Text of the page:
Flawed PHEV report has legs

There has never been a shortage of stories in the press denigrating plug-in electric cars. Why? Because people naturally, logically believe electric cars are a good idea. Special interests who preferred to maintain the internal combustion status quo (read oil and auto companies) have long needed to plant seeds of doubt. Via paid consultants, close relationships with universities, a pliant press more apt to reprint a press release than analyze it, and print and television advertising, their negative message has been successfully imparted.

We’ve seen it all in the press: electric cars are more polluting, less safe, require too much water, will electrocute rescuers after a crash, will spontaneously explode, and will kill the blind. It takes a sustained effort to sow confusion about the obvious benefits of electric cars. Little would have been gained by attempting to expand the reach of gasoline to laptops or refrigerators, so we’ve long been subjected to a decades-long preemptive assault on electric cars. As electric cars seek a place in the market, expect more such stories.

This week saw the sophisticated version with the release of a National Academies of Sciences study, sponsored by the U.S. Department of Energy. The press release headline blares: “PLUG-IN HYBRID VEHICLE COSTS LIKELY TO REMAIN HIGH, BENEFITS MODEST FOR DECADES.” The report highlights battery cost in 2010 leading to a $18,000 premium for some initial PHEVs, and suggests no lower cost is unlikely to be achieved with economies of scale. Dubious presumptions about PHEV usage lead the authors to minimize any potential petroleum and emissions reductions. Many reports, including presentations at CARB in September 2009, see much more positive indicators on the battery front, and the NRDC/EPRI study that led to the “more polluting” story cited above, actually points to significant emissions reductions with PHEVs. [update: Felix Kramer has published a detailed debunking, as has the Electrification Coalition.]

If you read to the end of the press release, you find out more about who actually issued the report. It was something called the “Committee on Assessment of Resource Needs for Development of Fuel Cell and Hydrogen Technology & Potential Impacts of Plug-In Hybrid Electric Vehicles “within the “Board on Energy & Environmental Systems” of the “Division on Engineering and Physical Sciences” of the National Academies of Science. An odd-sounding committee, really, albeit imbued with gravitas. According to the Committee Membership Information, the group contains at least three retired oil and auto company people, academics who do hydrogen research, consultants with oil company ties and one who has served on the National Hydrogen Foundation board and another the retired Vice President Hydrogen Systems for Chevron Technology Ventures, and a venture capitalist immersed in hydrogen. And, of course, a professional environmentalist, a Union of Concerned Scientist scientist, whose work has focused on fuel cells. Stacked deck?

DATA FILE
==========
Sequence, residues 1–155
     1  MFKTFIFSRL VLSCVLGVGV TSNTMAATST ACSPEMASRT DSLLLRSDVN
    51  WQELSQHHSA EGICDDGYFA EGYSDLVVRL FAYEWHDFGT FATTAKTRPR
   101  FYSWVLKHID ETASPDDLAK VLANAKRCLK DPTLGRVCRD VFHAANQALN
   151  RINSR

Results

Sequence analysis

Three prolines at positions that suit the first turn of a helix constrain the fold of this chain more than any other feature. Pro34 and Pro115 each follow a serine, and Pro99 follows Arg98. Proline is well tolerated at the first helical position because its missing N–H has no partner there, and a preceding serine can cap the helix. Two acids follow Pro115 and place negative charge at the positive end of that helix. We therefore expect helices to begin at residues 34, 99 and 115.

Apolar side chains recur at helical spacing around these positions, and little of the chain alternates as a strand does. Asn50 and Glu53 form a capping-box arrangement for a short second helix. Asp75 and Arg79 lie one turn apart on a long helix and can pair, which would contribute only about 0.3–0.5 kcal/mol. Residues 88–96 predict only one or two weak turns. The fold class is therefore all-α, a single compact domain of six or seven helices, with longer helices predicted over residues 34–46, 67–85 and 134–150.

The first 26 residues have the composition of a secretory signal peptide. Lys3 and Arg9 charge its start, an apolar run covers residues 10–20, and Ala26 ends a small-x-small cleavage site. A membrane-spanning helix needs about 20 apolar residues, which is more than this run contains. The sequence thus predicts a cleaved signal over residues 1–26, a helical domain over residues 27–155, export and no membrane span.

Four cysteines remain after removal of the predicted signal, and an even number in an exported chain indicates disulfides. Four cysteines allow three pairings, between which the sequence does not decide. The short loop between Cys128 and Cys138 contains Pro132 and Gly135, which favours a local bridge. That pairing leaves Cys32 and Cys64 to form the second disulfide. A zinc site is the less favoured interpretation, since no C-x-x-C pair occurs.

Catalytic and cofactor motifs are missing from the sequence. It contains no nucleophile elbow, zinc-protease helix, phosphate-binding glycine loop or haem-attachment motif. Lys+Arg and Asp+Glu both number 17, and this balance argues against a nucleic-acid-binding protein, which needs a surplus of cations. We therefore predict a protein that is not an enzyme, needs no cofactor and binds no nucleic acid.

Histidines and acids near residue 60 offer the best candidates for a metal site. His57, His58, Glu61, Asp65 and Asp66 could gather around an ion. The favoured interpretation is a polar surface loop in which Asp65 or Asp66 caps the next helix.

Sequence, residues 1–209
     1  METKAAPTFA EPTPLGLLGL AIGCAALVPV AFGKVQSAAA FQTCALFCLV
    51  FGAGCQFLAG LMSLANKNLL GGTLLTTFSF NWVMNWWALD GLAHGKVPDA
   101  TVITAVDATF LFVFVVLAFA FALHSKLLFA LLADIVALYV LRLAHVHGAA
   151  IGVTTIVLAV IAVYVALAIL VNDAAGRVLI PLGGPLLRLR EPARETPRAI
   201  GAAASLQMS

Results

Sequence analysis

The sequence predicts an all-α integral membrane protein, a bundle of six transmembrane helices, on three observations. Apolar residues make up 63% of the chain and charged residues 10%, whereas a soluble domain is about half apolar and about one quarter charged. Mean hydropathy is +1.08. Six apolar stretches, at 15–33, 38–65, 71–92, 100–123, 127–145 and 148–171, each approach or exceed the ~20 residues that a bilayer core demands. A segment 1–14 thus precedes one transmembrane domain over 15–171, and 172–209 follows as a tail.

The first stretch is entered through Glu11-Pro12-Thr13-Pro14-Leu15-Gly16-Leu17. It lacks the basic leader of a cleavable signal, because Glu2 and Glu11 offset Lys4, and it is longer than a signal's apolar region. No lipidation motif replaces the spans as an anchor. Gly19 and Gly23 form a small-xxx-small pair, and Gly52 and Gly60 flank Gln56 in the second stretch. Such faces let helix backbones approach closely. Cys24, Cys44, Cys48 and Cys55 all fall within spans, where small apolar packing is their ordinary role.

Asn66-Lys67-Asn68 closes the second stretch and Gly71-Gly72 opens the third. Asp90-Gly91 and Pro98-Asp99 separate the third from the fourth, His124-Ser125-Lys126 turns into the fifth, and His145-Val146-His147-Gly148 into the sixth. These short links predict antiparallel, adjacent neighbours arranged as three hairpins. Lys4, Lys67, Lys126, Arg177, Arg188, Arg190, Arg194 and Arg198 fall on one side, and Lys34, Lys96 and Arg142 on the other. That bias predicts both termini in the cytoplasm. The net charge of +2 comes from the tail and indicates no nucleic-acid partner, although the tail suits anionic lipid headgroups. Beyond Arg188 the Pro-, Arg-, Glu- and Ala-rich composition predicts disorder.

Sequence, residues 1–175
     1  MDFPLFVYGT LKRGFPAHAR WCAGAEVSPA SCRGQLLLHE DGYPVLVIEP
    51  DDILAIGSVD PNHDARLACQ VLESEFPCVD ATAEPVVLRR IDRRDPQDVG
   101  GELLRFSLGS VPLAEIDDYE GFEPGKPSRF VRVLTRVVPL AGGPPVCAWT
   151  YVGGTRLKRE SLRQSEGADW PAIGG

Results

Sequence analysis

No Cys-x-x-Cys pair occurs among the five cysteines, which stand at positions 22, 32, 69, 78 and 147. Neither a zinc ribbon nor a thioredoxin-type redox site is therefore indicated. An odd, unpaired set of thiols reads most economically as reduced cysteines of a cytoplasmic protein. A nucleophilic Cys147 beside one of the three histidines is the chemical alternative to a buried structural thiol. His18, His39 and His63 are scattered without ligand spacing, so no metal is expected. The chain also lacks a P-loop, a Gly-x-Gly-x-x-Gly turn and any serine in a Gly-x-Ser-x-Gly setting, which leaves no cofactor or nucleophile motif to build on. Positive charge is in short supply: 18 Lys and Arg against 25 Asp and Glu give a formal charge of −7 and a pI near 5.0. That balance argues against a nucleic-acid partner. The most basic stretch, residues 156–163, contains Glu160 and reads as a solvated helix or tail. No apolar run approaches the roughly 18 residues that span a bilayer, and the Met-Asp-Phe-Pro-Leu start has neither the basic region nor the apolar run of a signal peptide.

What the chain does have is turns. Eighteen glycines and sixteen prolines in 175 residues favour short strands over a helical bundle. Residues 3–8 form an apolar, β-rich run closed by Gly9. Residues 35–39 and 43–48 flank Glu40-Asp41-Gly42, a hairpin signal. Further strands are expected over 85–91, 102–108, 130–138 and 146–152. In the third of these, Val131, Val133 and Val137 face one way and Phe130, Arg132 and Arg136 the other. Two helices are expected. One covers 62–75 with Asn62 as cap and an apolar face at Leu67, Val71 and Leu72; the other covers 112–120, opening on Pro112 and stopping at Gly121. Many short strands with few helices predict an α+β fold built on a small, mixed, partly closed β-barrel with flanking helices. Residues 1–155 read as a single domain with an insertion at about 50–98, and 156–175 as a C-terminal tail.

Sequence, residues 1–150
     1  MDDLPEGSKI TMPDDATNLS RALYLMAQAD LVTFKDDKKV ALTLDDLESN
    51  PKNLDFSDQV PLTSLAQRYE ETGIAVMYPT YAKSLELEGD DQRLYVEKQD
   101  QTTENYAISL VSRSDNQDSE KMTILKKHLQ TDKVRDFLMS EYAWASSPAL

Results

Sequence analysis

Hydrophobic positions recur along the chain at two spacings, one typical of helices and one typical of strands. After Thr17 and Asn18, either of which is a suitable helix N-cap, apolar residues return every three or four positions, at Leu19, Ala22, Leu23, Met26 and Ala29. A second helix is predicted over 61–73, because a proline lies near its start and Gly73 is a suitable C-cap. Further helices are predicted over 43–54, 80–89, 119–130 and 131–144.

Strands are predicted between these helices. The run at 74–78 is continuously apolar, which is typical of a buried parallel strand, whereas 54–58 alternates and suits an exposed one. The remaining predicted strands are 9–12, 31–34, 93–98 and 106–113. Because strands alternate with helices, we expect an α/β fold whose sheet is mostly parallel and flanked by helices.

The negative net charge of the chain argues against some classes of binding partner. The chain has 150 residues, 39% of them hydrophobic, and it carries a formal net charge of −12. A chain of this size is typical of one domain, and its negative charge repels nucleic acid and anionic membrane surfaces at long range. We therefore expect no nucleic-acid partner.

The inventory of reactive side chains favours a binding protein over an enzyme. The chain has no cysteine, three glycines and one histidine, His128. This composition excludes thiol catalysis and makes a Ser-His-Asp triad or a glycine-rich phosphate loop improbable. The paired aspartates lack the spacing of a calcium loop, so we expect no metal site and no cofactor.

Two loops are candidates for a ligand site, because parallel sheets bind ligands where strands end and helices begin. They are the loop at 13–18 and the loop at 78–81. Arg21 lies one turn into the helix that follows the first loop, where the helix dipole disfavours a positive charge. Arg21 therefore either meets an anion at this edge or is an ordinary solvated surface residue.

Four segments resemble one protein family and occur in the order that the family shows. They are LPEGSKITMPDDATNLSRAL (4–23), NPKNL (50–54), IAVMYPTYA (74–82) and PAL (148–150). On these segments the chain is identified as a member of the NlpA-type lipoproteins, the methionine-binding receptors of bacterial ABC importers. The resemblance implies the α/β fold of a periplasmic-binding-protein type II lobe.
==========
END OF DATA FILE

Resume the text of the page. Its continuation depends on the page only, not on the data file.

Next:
The message from those attempting to derail the inevitable plug on vehicles is always the same – we’ve got to keep trying everything. Nothing’s ready yet. We can’t choose winners.

According to the report, a portfolio approach toward reducing U.S. dependence on oil is necessary for long-term success. This should include increasing the fuel efficiency of conventional vehicles and pursuing research, development, and demonstration into alternative strategies, including the use of biofuels, electric vehicles, and hydrogen fuel cell vehicles.

CNN picked up the story questioning whether plug-ins pencil out for consumers.

Friday’s Washington Post editorializes ignorantly against government support of plug-ins, based it would seem solely upon this report.

One of the many smaller media outlets and blogs to pick up the story got the message. The author of Don’t Believe the Hype About the Plug-In Car, opined:

There’s always the hope that a genius at the Massachusetts Institute of Technology or another top school will invent the gizmo that changes everything. But this isn t Hollywood and technological advances are likely to be incremental. That means no immediate miracles and oil will continue to be a vital part of the economy for the foreseeable future.

In fact it doesn’t take a miracle. It takes a clarity of purpose, a willingness to pay attention to the science, and the guts to aim high. We need a focused effort at transportation electrification to work in parallel with the move toward renewable energy.

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